Author Judith Finlayson writes about her research in a new book that takes conventional wisdom about the origins of chronic disease and turns it upside down. Rooted in the work of the late epidemiologist Dr. David Barker, it highlights the research showing that heredity involves much more than the genes your parents passed on to you. Thanks to the relatively new science of epigenetics, we now know that the experiences of previous generations may show up in your health and well-being.
I probably won’t read it, but it does seem to suggest that World War One could very well account for my current condition.
I was right. Freed of gravity in the pool, every bone and joint, every muscle, even my arthritic little finger, stopped hurting. To my mind, if heaven existed it would have to be nothing more than a surcease from pain. And perhaps a pile of good books. The pile would not have to be all that big. My memory is so poor I can’t remember all the details of the best literature I’ve read, and I love rereading and rediscovering.
It’s like returning to a forgotten favourite place, finding it completely unchanged, yet observing things about it you know were there, but you never really noticed before.
I have just received in the mail the latest posthumously published complete volume of Ursula K Le Guin’s Earthsea collection. The novel that became a trilogy then five, then six novels plus more short stories. I have written before that this work, along with Tolkien’s Hobbit tales, contains, in my opinion, all one needs to know about being a decent human being, without the crappy trappings and hypocrisy of religion.
But I digress. I spent a full three hours in the pool today, despite the rain, and despite the water being the coolest I have experienced since I started swimming there. I was not swimming the whole time. Over an hour was spent leaning on a lane marker in conversation with two delightful people on a wide range of subjects from travel to racism and fish and chips and depression and exercise. I hope I meet them both again.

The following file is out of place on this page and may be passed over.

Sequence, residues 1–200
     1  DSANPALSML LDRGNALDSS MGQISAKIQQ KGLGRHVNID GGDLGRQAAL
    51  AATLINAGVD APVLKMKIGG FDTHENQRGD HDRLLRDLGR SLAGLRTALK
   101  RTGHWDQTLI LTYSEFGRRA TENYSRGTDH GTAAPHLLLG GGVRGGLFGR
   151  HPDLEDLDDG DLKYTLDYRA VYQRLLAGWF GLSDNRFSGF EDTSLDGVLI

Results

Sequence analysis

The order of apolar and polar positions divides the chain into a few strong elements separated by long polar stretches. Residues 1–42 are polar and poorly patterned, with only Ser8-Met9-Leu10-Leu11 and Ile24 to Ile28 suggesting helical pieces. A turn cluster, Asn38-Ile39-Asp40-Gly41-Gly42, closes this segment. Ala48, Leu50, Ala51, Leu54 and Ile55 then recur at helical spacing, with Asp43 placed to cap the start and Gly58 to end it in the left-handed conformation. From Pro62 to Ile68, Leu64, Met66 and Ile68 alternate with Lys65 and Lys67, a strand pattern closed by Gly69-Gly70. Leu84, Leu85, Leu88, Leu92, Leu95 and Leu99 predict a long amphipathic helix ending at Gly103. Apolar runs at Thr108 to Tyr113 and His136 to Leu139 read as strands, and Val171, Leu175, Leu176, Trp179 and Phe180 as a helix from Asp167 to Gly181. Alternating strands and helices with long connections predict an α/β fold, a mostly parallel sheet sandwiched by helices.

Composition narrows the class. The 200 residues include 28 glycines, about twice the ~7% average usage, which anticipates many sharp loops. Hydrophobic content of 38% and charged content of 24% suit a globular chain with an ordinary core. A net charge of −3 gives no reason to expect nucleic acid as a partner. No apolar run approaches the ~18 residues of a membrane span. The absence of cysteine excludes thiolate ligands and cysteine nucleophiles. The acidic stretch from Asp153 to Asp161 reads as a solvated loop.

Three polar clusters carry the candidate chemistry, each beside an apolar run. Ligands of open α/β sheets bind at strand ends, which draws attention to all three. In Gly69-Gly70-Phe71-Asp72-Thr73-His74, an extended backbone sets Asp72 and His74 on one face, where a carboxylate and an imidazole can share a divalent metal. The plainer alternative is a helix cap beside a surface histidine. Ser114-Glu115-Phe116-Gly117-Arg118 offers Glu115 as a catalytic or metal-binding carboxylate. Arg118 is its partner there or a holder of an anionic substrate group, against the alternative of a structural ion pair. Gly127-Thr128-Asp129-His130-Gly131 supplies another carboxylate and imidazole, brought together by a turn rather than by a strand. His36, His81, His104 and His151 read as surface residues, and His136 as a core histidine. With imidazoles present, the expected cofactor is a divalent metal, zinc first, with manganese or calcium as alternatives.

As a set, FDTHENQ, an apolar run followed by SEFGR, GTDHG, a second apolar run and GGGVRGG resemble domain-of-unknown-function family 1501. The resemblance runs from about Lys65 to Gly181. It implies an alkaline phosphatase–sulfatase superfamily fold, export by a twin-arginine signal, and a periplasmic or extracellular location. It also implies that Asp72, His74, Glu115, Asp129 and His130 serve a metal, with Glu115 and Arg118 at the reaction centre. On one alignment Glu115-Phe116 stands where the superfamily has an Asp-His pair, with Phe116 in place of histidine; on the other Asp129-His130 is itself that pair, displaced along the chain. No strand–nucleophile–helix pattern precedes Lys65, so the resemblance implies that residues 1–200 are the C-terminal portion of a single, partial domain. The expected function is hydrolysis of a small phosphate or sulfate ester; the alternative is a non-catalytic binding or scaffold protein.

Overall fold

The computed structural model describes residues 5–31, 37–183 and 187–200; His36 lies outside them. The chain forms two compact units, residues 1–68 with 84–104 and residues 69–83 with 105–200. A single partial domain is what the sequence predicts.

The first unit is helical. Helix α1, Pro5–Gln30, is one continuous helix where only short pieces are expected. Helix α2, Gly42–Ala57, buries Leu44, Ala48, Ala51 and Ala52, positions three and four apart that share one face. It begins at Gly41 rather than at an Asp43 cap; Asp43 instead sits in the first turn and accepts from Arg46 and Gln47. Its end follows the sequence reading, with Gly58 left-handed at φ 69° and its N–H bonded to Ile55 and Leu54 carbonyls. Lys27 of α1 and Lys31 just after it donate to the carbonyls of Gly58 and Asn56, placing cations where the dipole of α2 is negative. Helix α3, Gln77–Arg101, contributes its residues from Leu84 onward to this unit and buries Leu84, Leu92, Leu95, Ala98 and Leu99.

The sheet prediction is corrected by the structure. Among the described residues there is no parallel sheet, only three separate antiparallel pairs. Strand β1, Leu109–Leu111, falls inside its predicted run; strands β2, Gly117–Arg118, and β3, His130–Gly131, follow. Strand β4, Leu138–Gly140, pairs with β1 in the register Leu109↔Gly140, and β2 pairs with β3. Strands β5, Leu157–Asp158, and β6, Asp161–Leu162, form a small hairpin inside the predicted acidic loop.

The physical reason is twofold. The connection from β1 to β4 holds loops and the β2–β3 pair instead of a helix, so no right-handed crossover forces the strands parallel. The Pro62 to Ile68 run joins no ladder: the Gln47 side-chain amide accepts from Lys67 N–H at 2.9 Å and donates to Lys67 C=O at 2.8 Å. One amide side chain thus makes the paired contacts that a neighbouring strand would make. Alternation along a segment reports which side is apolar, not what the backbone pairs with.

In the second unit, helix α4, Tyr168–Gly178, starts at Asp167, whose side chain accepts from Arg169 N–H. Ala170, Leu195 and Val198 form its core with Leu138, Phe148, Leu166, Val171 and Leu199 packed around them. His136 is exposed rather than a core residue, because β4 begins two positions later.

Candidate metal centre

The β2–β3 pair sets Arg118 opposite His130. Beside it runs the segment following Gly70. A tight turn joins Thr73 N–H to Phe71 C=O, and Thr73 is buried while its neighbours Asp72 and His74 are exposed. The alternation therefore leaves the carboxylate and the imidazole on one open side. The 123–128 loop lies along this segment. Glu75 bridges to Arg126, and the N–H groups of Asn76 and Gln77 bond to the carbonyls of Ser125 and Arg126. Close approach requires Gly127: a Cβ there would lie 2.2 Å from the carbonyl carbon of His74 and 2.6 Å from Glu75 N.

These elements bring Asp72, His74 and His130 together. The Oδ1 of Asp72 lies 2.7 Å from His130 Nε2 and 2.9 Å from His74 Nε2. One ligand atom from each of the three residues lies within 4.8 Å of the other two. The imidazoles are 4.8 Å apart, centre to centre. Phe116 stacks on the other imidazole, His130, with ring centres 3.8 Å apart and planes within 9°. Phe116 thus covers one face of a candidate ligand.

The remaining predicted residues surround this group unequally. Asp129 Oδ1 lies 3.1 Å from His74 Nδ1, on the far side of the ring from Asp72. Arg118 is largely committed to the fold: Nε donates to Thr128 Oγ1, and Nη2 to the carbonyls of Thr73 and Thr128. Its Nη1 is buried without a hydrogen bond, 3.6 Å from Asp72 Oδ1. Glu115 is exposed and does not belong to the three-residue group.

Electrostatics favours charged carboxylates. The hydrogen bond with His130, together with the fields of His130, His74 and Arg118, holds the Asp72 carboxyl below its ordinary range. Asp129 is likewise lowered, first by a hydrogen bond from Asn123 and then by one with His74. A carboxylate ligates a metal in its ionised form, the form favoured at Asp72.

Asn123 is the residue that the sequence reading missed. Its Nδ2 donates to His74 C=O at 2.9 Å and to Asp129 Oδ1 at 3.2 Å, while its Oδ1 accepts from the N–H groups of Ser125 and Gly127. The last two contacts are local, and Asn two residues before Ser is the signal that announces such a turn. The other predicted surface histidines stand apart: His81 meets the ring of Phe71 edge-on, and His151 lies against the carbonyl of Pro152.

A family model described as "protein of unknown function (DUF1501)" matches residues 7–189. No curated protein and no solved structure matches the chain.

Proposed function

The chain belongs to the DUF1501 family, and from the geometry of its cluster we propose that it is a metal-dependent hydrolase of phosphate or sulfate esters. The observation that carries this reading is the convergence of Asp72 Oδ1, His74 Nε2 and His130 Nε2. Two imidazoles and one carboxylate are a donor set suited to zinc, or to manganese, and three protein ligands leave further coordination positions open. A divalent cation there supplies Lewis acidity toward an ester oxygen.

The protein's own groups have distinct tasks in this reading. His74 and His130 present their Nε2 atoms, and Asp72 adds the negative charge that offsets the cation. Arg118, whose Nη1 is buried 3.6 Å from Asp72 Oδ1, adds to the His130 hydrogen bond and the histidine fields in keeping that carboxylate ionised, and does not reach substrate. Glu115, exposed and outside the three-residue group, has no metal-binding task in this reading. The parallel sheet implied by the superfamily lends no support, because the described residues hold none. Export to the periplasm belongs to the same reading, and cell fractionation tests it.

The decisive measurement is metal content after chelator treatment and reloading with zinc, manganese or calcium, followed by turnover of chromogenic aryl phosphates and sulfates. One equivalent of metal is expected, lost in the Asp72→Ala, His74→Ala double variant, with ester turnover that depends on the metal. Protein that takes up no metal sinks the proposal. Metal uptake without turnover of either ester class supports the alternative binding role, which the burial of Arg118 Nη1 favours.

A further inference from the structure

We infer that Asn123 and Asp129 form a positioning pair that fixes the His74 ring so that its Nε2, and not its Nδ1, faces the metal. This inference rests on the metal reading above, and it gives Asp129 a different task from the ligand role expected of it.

Returning to gravity was as unpleasant as always. I could hardly climb into the car. A quick trip to Aldi turned into an exhausting trek, and I’m buggered. In fact, it is now mid afternoon and I think I may have a late lunch of slow cooked vegetable soup and spend the rest of the day in bed with Ursula.
In Australia there is now widespread public acceptance of the reality of climate change; we seem to see its effects almost hourly.
But the electorate still votes for political parties with environment policies that I would call recalcitrant, and with significant groups of climate deniers in their ranks.
The issue of climate change has become a battle of ideologies, values and worldviews, something that has become much more pronounced in the last decade thanks to our political class and to parts of the media.
Knowing what we know about human beings, our psychological and evolutionary makeup, there’s no evidence that these divisions are going to be broken down by more scientific evidence or just the passage of time — not that we have much time to spare.
And we should not assume that as climate change becomes worse, these divisions will start to heal.
For these reasons, I have long been keen to understand the ways people respond to climate change — and the language we need to use to convince people to take action.
Much of what they do is informed by the Six Americas study, a segmentation first conducted in 2009.
It measures the American public’s climate change beliefs, attitudes, risk perceptions, motivations, values, policy preferences, behaviours — including voting patterns and media consumption — and underlying barriers to action.
It groups the public into six different segments, varying in size and well differentiated in terms of their attitudes to climate change and their views about action.
The Alarmed: This group is fully convinced of the reality and seriousness of climate change and already taking individual, consumer, and political action to address it.
The Concerned: This group is also convinced that the globe is warming and that it’s a serious problem, but have not yet engaged with the issue personally, including not always voting for political parties with strong climate policies.
The Cautious, the Disengaged and the Doubtful: These groups represent different stages of understanding and acceptance of the problem. None are actively involved.